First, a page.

The impacts of a changing climate seem increasingly difficult to ignore. In southern Arizona, we experienced record high temperatures this summer. The heat combines with entrenched border militarization and reckless enforcement tactics to create deadly conditions for migrants and refugees.
Climate change catches people coming and going. At border aid stations and in the desert, we meet people who have been displaced from their homes by landslides, earthquakes, and crop failures. When they seek to rebuild their lives and support their families in the United States, they face an even hotter and drier desert crossing.
We talked with Todd Miller, a journalist and writer on border issues, about the links between climate change and migration—the subject of his forthcoming book Storming the Wall—and how they relate to the work of No More Deaths/No Más Muertes.
What’s the connection between climate change and migration, as far as what we’re seeing on the US–Mexico border?
According to most reports, the number of people to be displaced by climate change will be staggering and without precedent. The impacts of severe weather such as hurricanes, floods, sea-level rise, and drought are already hitting Central American countries, the Caribbean, and Mexico very hard. Where there are already unjust economic and political systems in place, climate catastrophes compound precarious situations.
“As we enter an era of extreme and potentially catastrophic weather, unprecedented in human history, there will be more militarized and violent international divides that refugees and displaced persons will have to face.”
In 2015, there was an unprecedented drought that dried up harvests throughout Central America. More than one million people, mostly small farmers, were affected. I met three of these farmers on the Mexico–Guatemala border as they waited to get on La Bestia, the infamous train, to go to the United States. As a Mexican military truck rumbled by with two masked soldiers holding assault rifles, perhaps on a border-policing mission fresh from US training, the farmers told me that they were heading north from their homes in Honduras because there was no rain, no harvest, and no food.
As more “climate refugees” arrive at the border, what will they encounter?
In 2003, the Pentagon envisioned a world in which the United States builds a “defensive fortress” to “hold back unwanted starving immigrants from the Caribbean, Mexico, and South America.” Since 2010, climate change has been identified as a top national-security threat. The Department of Homeland Security has created a climate-adaptation roadmap and plan, and made climate change one of the central issues of its 2014 Quadrennial Report. However, there is no discussion of a climate-refugee status, nor expanding US asylum to those displaced by climatic catastrophes.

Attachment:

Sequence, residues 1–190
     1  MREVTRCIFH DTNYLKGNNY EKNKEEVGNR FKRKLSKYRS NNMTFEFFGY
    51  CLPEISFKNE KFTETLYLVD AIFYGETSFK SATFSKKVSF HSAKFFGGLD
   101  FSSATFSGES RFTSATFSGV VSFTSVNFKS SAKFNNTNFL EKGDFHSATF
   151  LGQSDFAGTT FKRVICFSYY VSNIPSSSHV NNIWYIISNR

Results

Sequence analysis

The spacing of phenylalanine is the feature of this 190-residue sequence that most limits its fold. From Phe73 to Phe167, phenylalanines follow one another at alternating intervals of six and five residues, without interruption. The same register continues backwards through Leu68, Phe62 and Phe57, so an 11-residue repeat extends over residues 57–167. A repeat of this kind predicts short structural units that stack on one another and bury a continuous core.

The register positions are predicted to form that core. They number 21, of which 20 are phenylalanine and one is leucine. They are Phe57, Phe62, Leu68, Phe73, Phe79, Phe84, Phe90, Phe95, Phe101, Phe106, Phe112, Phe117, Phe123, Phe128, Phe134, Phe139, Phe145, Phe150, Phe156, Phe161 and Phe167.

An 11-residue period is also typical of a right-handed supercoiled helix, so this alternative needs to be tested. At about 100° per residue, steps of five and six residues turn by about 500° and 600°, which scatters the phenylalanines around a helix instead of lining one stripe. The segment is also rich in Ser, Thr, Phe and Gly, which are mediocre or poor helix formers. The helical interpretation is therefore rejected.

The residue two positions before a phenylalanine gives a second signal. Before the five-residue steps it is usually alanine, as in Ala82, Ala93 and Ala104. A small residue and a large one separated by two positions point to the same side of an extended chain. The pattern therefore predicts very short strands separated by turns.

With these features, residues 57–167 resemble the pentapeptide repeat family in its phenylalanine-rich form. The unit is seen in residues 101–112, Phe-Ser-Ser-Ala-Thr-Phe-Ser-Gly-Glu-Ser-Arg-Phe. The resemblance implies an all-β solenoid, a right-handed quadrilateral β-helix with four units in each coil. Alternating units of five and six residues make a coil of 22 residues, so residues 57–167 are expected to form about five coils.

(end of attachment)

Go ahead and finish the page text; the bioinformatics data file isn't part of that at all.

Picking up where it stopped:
Instead, at the US–Mexico border, people will face an ever more fortified enforcement zone of patrolling armed agents and sophisticated surveillance systems, such as towers, drones, and surveillance blimps, all under the same Prevention Through Deterrence strategy that has been forcing people into the desert, and killing them, for more than 20 years.
What can we expect to see in the southern-Arizona borderlands, if climate change and extreme weather events continue on their current path?
Even if countries keep to the emission-reduction pledges made at the climate summit in Paris, global temperature increases are projected to be well over the two-degree goal and on track to be beyond the point of no return. Some scientists are predicting unimaginably severe storms capable of heaving boulders, and a sea-level rise that will drown the city of Miami.
“Solidarity is not an alternative, it is not an option, it is our only chance. It is our only hope of ever moving forward and confronting this climate crisis.”—Yeb Sano, climate activist
For the US Southwest, climate experts at NASA predict megadroughts four times stronger than the 1930s Dust Bowl, which displaced hundreds of thousands of people in the United States. In the crosshairs of a dwindling water supply, wildfires, and dust storms, it is possible that Phoenix and Tucson will become largely uninhabitable, and there will be massive migrations of people within the United States. It is also possible that an internal expansion of a homeland-security surveillance regime, with armed guards who can stop, interrogate, and detain people, will be “protecting the homeland” against internally displaced refugees within the United States.
What are your ideas for what allies of migrants, refugees, and undocumented communities should be doing now to prepare for these impacts?
There are more than 70 securitized borders throughout the globe, where people are targeted, often racially, by armed guards and high-tech surveillance. As we enter an era of extreme and potentially catastrophic weather, unprecedented in human history, there will be more militarized and violent international divides that refugees and displaced persons will have to face. These border zones will be the terrain of battles between the rich and the poor.
This makes No More Deaths’s crossborder solidarity and organizing all the more essential. “Solidarity is not an alternative, it is not an option, it is our only chance,” Filipino climate activist Yeb Sano told me during the research for my upcoming book. “It is our only hope of ever moving forward and confronting this climate crisis.”
Interview: Catherine Gaffney. Featured photo: Paige Corich-Kleim. In June, the Sonoran Desert south of Arivaca, Arizona looks parched and desolate.